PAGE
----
The Ethnopoetics of Jewish Study
STEPHEN HAZAN ARNOFF
My training as a teacher of Jewish text has been earned as a student in two kinds of institutions: the university
and the beit midrash.
As an undergraduate at Brandeis University
and a doctoral student at the Jewish Theological
Seminary, I learned Jewish text through the
lens of Wissenschaft des Judentums. The
“Science of Judaism” required that when I
began to teach, I did so conscious of the historical context of the material. I learned to engage
Great texts and stories and also great teaching transcend
labels of “secular” and “religious” and create a space
where anyone should be able to enter, explore, and thrive.
Stephen Hazan Arnoff is
executive director of the 14th
Street Y in New York City, where
he founded and runs LABA:
The National Laboratory for
New Jewish Culture.
a text through the lens of its author(s), the society in which it emerged, and the systems and
mechanisms that provided its basic infrastructure. In between my undergraduate and graduate study, I participated in two batei midrash.
The first, the Pardes Institute of Jewish Study, is
a co-ed yeshiva-type program where halakhic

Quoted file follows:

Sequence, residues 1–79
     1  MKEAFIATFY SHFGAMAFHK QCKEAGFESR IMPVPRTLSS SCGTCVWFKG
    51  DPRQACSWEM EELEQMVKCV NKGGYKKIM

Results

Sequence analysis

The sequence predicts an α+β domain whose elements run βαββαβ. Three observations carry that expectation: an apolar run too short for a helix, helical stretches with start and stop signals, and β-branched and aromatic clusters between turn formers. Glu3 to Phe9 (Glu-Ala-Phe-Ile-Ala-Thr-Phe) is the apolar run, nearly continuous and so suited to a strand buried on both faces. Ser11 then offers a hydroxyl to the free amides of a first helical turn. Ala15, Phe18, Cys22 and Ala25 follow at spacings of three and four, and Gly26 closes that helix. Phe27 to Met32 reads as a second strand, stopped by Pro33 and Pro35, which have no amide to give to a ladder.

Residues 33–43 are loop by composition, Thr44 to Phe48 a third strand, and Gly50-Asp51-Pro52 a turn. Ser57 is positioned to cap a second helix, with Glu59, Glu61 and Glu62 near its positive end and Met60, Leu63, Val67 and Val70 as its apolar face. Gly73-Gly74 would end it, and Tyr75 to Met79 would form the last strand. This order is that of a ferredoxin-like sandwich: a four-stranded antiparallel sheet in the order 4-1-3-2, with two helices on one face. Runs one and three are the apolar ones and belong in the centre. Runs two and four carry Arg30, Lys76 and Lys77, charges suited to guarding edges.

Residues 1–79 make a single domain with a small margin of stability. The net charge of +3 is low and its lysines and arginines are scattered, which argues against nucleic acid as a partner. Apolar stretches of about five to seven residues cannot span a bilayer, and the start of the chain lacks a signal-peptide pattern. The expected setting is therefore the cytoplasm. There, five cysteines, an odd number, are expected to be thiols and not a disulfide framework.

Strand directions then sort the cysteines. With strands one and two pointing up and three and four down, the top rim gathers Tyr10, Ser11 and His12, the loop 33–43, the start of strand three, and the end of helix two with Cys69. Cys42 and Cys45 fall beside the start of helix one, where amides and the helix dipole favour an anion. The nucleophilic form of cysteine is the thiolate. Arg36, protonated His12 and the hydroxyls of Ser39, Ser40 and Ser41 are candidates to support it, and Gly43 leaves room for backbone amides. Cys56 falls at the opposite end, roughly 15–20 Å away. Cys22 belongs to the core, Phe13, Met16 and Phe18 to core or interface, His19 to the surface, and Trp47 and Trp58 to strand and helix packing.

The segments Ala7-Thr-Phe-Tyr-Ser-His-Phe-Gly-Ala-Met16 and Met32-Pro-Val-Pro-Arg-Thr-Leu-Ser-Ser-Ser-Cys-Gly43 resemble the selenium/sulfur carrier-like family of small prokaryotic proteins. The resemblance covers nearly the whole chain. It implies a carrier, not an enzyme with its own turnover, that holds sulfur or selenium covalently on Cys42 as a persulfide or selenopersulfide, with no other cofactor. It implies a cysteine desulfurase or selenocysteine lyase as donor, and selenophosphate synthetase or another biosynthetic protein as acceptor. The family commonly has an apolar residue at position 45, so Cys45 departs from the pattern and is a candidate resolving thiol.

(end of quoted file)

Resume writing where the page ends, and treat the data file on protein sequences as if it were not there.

seriousness and commitment animate discussion and form practical communal boundaries.
While Pardes learners are critical thinkers, the
close reading of classical texts in the original is
driven by a fusion of religious and spiritual desire and love and curiosity for the text; neither
were primary in my academic experiences.
After Pardes, I spent several years as a
member of the Jerusalem Beit Midrash in Elul,
where I discovered more about teaching than
anywhere else. A pluralistic beit midrash
grounded in the belief that secular and religious
people learn best when learning together, Elul
offered me a template in which both academic
and beit midrash approaches work in tandem.
It also gave me the formative experience of creating pedagogical seamlessness in a learning
community of multiple backgrounds. Along
these lines, “Oral Torah” ties together my pedagogical approach with my experiences of the
university and the beit midrash.
In facilitating groups of learners new to
Jewish study, we educators often gain a certain
amount of pedagogical traction by introducing
the malleable cultural oddity of “Oral Torah”
very early in our teaching engagement. The
pattern goes something like this: Even if the
Bible is written in a completely foreign
language and is completely out of contempo-
rary context for novices, we explain the tradi-
tion — that Jewish learners bring their own
lenses of experience, belief, language, and aes-
thetic to crafting a personal vision of tradition.
In practice, “Oral Torah” in traditional circles
may be more ossified than some of us would
prefer. However, when traditional halakhic con-
versation or practice are neither the means nor
the end of Jewish study, “Oral Torah” offers a
compelling and powerful set of tools for those
new to learning text. Particularly for those who
might define themselves as secular, a certain
contemporary spin on the concept of “Oral
Torah” frees Jewish content from the black and
white lines of the pages of ancient texts and
places it into much more familiar mouths and
imaginations of the contemporary world.